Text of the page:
Photo by Corinne Nicholson
COVINGTON -- A Newton High School junior continues to recover at home after suffering a cardiac arrest at school in late January.
About 11 a.m. Jan. 25, James Norrington told his teacher he wasn't feeling well, so he made his way to the clinic. Upon reaching the clinic, he collapsed.
"I don't have any memory of it," Norrington said Tuesday. "I feel shocked -- I didn't know all of this happened."
Although the school staff didn't know it at the time, his heart had stopped -- and his mom Nancy Norrington credits the quick response from the school nurse and other staff members for keeping her son alive.
"He wouldn't be alive today," Nancy said.
When James collapsed, a school response team immediately tended to James and called 911 and Nancy, continuing to provide CPR until the emergency medical service arrived at the school.
"I am extremely proud of the response of the Newton High School family toward James in his time of crisis," said school Principal Roderick Sams. "I want to especially thank Ms. (Linda) Pitts, our school nurse, for providing the medical guidance we all needed to provide whatever assistance we could. Having faculty members trained in CPR was essential in providing medical support for him, even though things were very chaotic. Our prayers continue to be with James and his family."
Nancy also credits Newton Medical Center staff with a quick response and the use of a defibrillator.
"Everybody pitched in and did their part -- the school resource officer and staff recognized the emergency, and we responded. If they didn't, we might not have had anything to work with when we got there," said Scott Queen, captain of Newton EMS who responded to the call with his team. "The key to his survival was early CPR, early defibrillation and a mechanical CPR device. This was a whole community outreach -- the whole chain worked together."
After using trial equipment last summer, Newton Medical Center purchased two LUCAS Devices at the beginning of the year; it is a mechanical CPR device that defibrillates and doesn't get tired, like a human being would doing compressions, Queen said.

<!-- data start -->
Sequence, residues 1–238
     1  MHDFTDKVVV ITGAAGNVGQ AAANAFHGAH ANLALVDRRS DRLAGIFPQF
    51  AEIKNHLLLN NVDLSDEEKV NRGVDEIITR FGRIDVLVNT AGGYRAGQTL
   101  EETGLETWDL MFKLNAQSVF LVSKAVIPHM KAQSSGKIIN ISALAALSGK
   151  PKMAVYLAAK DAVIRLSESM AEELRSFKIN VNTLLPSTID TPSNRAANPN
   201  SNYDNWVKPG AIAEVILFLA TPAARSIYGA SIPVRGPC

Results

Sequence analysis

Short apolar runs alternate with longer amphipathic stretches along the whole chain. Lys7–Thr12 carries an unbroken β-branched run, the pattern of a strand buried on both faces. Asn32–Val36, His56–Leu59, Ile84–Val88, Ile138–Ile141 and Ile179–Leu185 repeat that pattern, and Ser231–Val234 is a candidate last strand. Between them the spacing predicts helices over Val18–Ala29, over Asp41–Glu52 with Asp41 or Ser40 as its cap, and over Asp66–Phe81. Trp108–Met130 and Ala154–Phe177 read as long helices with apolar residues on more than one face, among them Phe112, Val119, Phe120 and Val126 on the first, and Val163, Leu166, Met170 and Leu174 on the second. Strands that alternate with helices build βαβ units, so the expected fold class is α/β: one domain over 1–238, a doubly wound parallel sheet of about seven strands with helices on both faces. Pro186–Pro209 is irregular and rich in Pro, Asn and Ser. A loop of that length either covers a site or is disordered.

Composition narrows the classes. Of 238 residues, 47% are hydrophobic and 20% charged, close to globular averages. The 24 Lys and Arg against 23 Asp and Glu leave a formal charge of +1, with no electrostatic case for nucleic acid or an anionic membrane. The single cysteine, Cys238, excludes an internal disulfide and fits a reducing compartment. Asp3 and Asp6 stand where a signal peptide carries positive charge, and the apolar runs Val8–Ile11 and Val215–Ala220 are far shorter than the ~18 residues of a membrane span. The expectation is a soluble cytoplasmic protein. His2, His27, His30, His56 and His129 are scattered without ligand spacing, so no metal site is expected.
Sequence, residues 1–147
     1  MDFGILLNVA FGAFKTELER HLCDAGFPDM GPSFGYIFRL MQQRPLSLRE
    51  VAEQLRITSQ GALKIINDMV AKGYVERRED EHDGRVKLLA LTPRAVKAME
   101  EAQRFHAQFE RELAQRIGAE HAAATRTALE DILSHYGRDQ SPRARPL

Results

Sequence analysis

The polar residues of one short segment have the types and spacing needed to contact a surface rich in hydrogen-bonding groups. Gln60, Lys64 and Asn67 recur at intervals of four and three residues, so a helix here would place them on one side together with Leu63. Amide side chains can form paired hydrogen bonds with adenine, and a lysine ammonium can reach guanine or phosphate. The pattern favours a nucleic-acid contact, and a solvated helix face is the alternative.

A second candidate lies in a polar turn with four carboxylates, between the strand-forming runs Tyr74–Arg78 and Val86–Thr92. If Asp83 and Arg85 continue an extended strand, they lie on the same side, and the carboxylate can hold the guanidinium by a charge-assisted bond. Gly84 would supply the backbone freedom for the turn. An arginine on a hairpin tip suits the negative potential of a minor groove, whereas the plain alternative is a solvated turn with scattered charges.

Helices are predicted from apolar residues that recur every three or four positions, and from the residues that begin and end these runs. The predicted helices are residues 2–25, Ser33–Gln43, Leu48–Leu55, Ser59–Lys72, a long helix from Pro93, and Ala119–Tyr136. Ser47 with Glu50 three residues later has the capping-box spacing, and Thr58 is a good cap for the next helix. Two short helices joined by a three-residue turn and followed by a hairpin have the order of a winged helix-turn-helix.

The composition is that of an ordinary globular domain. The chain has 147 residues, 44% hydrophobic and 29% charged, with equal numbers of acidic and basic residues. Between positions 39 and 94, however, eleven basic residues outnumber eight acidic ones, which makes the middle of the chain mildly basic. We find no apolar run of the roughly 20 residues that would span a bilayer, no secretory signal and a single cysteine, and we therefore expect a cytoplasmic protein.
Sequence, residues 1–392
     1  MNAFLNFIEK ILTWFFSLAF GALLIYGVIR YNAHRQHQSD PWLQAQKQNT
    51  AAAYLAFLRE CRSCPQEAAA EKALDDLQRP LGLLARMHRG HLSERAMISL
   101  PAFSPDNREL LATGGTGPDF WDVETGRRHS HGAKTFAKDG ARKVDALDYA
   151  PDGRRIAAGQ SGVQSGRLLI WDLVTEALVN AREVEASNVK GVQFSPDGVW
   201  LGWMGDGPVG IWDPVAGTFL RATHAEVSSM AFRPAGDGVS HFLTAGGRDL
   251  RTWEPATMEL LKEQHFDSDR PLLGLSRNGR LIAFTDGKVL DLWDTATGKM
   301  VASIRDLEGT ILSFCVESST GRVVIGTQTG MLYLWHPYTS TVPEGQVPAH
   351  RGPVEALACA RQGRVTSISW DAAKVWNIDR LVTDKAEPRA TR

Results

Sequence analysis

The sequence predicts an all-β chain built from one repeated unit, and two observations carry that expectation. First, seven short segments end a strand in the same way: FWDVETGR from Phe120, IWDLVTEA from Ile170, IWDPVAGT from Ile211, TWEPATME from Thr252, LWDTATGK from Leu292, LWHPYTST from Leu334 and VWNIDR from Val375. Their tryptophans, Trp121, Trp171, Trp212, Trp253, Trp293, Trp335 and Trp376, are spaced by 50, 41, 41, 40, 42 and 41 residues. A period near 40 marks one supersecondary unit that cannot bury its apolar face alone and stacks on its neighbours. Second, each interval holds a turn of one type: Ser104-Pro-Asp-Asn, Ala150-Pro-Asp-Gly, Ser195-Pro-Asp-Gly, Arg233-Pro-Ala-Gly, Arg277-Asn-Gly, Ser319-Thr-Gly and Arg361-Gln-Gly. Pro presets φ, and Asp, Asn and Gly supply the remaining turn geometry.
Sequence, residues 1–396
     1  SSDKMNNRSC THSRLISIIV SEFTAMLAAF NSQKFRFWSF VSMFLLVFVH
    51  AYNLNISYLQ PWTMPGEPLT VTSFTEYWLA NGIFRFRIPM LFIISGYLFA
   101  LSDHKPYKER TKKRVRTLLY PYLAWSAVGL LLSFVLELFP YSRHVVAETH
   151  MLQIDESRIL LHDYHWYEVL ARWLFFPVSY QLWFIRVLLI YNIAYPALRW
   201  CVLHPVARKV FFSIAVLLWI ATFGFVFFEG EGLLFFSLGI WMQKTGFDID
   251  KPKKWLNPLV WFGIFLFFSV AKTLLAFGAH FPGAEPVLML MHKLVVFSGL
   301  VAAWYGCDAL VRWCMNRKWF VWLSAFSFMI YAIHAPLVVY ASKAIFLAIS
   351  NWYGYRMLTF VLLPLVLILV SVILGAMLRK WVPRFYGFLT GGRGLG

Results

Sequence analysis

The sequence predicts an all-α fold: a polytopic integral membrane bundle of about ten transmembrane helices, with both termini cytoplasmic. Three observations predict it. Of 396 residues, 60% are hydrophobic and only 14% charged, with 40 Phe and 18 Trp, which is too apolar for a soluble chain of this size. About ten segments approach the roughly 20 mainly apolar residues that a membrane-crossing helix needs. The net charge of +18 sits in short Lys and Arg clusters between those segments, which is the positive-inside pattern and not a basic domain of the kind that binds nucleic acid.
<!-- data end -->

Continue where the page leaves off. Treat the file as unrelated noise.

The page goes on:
"Everybody involved did an excellent job with my baby," Nancy said.
"God was definitely there," his father Johnny Norrington said. "I wouldn't have him here today if he wasn't at the school. I am thankful to the entire Newton County community."
After being transported to Newton Medical Center, James was transported by air to Children's Healthcare of Atlanta at Egleston after his heart stopped again.
Eventually, doctors determined that James had a heart condition known as Wolff-Parkinson-White Syndrome, which is an extra electrical pathway in the heart that causes it to get confused.
His mother said he's never had any health problems before now, and they didn't know about his heart condition.
"He's just a regular, active kid," she said.
James -- who before his illness enjoyed riding his dirt bike and playing football, basketball, baseball and track at school -- has not yet returned to school. Instead he has to attend a five-day-a-week health therapy at Children's Healthcare of Atlanta at Scottish Rite to get his speech and memory back to normal.
"He's almost 100 percent," Nancy said. "Every day he's improving. The doctors are in shock at how fast he's recovering."
His heart doctor gave James a clean bill of health, and once he finishes his therapy, he won't have any restrictions, Nancy said.
The Norrington family hopes James can return to school again soon or at least complete assignments at home.
"I'm ready to get back to school to see my friends, teachers and coaches," he said. "I want to thank all of the people who came to see me and wrote me and called me and for their prayers."